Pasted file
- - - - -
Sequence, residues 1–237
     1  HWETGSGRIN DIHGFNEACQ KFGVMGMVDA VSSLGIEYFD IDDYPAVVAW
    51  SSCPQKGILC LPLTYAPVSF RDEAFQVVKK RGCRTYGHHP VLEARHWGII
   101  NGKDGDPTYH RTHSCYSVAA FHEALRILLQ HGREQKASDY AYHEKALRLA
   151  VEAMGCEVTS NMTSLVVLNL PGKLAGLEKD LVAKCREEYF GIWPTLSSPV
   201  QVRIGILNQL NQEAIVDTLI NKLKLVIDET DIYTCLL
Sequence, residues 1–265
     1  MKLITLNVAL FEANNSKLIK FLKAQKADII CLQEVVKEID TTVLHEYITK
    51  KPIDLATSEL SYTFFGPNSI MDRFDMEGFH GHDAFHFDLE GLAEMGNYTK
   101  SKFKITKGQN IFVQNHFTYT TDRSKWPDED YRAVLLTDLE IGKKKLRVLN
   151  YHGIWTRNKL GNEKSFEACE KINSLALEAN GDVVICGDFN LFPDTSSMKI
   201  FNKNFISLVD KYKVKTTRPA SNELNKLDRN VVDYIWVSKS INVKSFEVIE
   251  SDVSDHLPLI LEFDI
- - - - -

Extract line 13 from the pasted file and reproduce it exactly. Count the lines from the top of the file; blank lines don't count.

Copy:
   251  SDVSDHLPLI LEFDI